One realization I have of myself is how I have always held tremendous value for the work ethic my parents instilled within me.
It was a work ethic that rewarded performance. A ethic of personal commitment to excellence that was expressed by out-performing others – winning.
So you may be able to imagine how a study through the Book of Acts created levels of cognitive dissonance for me. In particular with portions that revealed clearly how God intended the disciples of Jesus Christ to live in community. More specifically, for the intent purpose to draw pagans and non-believers become a part of His redemptive family through faith in Christ.
Not that my appreciation for a sound and robust work ethic was diminished in light of a Biblical appraisal of the first century Church’s presence and life of reciprocity through a communal devotion towards one another. Rather, it was the conflict which arose in my motivations for acquiring such a work ethic. What I once thought validated my efforts began to become unraveled at the core of my identity – found now in Christ.
“Now the full number of those who believed were of one heart and soul, and no one said that any of the things that belonged to him was his own, but they had everything in common.” ACTS 4:32
Like any one other American citizen of my generation, the idea of this form of lifestyle generated a dissonance simply based upon my capitalistic worldview and the stigma of socialism, communism, laziness, welfare-babies, and every other negative connotation this historical and social-construct was impregnated with.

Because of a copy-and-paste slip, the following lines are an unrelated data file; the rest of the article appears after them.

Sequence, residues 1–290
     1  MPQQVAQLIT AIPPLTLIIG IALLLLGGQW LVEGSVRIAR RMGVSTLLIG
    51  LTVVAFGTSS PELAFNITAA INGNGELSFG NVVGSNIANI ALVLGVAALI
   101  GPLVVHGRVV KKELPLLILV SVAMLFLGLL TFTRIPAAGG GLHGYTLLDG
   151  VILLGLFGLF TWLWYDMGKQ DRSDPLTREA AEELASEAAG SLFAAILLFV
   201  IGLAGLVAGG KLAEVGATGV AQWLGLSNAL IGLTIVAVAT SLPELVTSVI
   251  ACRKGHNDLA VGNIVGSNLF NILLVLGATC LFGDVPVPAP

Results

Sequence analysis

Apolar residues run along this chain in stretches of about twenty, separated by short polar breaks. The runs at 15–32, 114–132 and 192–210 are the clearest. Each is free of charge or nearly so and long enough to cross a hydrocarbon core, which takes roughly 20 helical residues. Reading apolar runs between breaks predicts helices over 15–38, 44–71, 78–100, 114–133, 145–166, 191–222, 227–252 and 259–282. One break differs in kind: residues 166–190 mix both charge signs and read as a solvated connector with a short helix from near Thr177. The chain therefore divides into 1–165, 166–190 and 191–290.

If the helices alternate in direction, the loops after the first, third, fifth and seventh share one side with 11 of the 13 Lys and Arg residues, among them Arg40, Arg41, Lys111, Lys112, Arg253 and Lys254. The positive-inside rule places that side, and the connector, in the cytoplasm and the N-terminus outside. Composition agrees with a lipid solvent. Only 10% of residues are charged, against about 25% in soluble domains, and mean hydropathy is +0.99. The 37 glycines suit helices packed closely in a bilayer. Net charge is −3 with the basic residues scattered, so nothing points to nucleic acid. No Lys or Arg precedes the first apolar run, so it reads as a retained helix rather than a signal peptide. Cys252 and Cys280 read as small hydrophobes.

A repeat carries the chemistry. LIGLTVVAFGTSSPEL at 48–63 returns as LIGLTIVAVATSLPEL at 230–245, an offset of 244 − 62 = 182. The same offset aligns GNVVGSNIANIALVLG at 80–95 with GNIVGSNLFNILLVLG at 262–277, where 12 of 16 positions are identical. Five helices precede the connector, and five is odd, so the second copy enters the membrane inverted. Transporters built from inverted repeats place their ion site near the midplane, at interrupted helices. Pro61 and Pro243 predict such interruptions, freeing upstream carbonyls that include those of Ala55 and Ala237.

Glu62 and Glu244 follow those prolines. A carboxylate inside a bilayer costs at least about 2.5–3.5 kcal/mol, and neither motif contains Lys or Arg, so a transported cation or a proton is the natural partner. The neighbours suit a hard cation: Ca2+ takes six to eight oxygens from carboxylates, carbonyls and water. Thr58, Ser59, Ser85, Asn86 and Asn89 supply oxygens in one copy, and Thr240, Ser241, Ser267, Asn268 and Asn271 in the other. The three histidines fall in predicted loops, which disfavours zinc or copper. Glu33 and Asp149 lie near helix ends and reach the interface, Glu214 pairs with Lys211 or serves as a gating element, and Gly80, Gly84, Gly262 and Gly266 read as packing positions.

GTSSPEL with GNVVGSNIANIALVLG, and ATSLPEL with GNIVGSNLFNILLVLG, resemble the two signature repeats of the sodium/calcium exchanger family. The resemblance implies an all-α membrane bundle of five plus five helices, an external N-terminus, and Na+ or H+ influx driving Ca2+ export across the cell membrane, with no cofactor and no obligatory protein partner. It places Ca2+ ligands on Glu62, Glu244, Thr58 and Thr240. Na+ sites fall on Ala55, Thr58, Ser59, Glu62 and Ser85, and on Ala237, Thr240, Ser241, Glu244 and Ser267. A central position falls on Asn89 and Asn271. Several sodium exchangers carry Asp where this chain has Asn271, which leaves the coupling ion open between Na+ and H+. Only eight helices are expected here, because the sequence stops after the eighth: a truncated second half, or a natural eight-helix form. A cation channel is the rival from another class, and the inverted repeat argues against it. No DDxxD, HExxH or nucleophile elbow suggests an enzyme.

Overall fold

The revelation which delivered me from this disquieting labor was something I read in The Drama of Scripture; Finding Our Place in the Biblical Story by Craig G. Bartholomew and Michael W. Goheen © 2004. Their description opened me to a more sanguine appropriation of how Christ desires me and other Christians to live in community with one another, amidst an ever dismissive and doubting world.
A world that is growing in a deeper loyalty to a philosophy of life – that in many ways is antithetical to the teachings of Jesus Christ – especially when it comes to how we distribute or share resources and property.
“The apostolic witness depends on a community that verifies the truth of the gospel with its winsome lifestyle.”
I admit, at first I held the wrong idea of what this word meant. I thought it was more aligned to the idea of being carefree. And it has sort of morphed into that meaning by most who use it. But the true sense of the word is more joined with what a carefree life usually incites in someone.
Winsome is primarily an adjective that describes someone as attractive or appealing in appearance or character. It originates from two Old English words which make the word wynsum – wyn ‘joy’ + sum ‘some’. So we can see how the idea of carefree becomes sort of a default – because wouldn’t that be appealing to you and I?
For me, this revealed a hidden aspect as to the demeanor of these early Christians. It peeled back a previously shrouded layer of interpretative content that helped me to realign the tension I had first discovered at age 14 – when trying to tell a elderly woman how much money she should pay me for re-carpeting her day-room. I loved her dearly and she was a old dear friend of my parents.
There had always been, as long as I can remember, a tension which resided within my desires for excellence and performance. I could never seem to mitigate this cognitive unease with how I engaged in my relationships with others.